Thursday, October 25, 2012

Today's First Bad Study Popularization

Is this one:

Men and Women Can't Be 'Just Friends'
By Adrian Ward

Why is it a bad popularization of a study?  Because the apparently hotwired link in this paragraph:

New research suggests that there may be some truth to this possibility—that we may think we’re capable of being “just friends” with members of the opposite sex, but the opportunity (or perceived opportunity) for “romance” is often lurking just around the corner, waiting to pounce at the most inopportune moment.
 leads to!  Not to any particular study or even its abstract.

Likewise, the rest of the piece never mentions anything which would let an avid reader actually find the study.

This piece was also published in the Scientific American with the same omissions.  A commenter there managed to find the actual link to the study, the one Adrian Ward didn't bother to include.

Here's the abstract:

We propose that, because cross-sex friendships are a historically recent phenomenon, men’s and women’s evolved mating strategies impinge on their friendship experiences. In our first study involving pairs of friends, emerging adult males reported more attraction to their friend than emerging adult females did, regardless of their own or their friend’s current relationship status. In our second study, both emerging and middle-aged adult males and females nominated attraction to their cross-sex friend as a cost more often than as a benefit. Younger females and middle-aged participants who reported more attraction to a current cross-sex friend reported less satisfaction in their current romantic relationship. Our findings implicate attraction in cross-sex friendship as both common and of potential negative consequence for individuals’ long-term mateships.

Whiffs of evolutionary psychology there!  And indeed, that's what at least the first of the listed authors, April Bleske-Rechek,  represents.   She states, in an earlier interview:

The results showed that men more frequently admitted attraction to their female friends while also overestimating their friend's romantic feelings towards them.

Women on the other hand were less likely to fancy their friends or assume that the males had those kinds of feelings for them.

Though the male answers may come across as egocentric, Dr Bleske-Rechek explained: 'Historically, men faced the risk of being shut out, genetically, if they didn't take advantage of various reproductive opportunities. So the argument is that men have evolved to be far more sexually opportunistic.'
Why didn't women face the risk of being shut out, genetically, if they didn't take advantage of various reproductive opportunities?   Remember that according to her men only evolved to be opportunistic because otherwise they risked being shut out.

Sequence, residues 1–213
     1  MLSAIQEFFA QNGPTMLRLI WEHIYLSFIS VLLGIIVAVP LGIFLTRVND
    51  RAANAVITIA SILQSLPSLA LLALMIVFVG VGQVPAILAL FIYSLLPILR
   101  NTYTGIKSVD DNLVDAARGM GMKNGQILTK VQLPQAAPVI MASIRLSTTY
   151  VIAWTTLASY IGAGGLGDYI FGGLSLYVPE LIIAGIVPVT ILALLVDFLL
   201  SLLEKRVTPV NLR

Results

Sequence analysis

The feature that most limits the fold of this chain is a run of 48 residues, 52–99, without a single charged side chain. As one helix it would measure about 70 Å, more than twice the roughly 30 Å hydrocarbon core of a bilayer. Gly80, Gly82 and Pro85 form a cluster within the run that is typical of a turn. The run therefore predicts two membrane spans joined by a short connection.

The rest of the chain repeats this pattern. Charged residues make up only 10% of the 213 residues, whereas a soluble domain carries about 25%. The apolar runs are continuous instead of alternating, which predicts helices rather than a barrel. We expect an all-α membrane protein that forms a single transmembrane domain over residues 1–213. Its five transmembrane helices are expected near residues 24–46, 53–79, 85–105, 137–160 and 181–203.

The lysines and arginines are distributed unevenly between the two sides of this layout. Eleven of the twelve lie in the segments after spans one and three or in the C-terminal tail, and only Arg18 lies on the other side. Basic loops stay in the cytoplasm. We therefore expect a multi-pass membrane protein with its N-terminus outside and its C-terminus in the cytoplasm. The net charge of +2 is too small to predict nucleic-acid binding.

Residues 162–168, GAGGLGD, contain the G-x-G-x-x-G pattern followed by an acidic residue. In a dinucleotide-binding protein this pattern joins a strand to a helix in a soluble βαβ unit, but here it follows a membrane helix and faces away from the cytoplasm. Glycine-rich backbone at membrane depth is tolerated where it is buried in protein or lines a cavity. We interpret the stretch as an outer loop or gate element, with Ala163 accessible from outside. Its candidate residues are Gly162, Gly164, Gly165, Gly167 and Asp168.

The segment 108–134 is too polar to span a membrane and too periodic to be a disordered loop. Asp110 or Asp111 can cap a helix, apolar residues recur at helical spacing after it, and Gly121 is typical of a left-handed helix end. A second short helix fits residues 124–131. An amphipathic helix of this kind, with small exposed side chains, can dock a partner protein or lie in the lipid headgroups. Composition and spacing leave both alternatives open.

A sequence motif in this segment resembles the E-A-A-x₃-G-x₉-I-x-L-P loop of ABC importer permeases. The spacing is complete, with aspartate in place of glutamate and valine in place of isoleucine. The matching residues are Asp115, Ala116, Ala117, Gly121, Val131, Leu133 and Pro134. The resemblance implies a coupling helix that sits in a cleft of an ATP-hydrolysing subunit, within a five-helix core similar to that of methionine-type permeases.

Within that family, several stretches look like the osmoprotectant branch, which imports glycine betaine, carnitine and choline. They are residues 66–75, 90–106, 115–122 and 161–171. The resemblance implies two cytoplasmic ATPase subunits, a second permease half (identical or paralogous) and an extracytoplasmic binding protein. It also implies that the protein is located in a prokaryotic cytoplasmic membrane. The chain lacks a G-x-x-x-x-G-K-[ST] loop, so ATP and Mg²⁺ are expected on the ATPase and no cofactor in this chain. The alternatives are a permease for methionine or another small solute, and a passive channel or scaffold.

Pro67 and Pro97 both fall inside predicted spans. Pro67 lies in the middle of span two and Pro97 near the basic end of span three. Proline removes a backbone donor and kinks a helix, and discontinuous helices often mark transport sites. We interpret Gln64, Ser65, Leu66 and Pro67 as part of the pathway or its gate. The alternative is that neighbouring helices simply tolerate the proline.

I think her argument is circular.  It works only if we assume men were opportunistic to begin with, so that all women found it quite easy to bed one man or the other and thus pass their genes on.  But I may be quite wrong here.

This study, by the way, appears to have been extensively discussed last May.  That's a considerable time BEFORE the article appeared in print (August).  It's very neat to have that advance start against all critics, as I've mentioned earlier.  Journalists should really stop taking that bait because it is bad for truly valuable discussions.

About that earlier net discussion:  Much of it translated the topic into a normative one, asking whether men and women "should" be friends.  To make something "one can use" out of the study?

Getting the actual study costs 25 dollars and I need those for my chocolate-and-nectar budget, sorry.  But I should note that there are very strong gendered stencils on how one answers questions of those types, and those stencils work in the direction of the results the study obtained.  Or put in other terms, alternative explanations for the findings should be discussed, even in the popularizations but certainly in the study.  Not everything about human behavior should be automatically viewed as some f***ing "evolved mating strategies," given the utter impossibility of traveling backwards in time to watch that hypothetical evolving.

Finally, "friendship" itself needs to be defined for the argument that "cross-sex friendships are a historically recent phenomenon."  That may be the case for very exclusive and strong platonic friendships between one man and one woman (although even there the societal restrictions should be taken into account) but it is not true about human interactions in general.  After all, women and men live in the same society, inside the same families and even work together.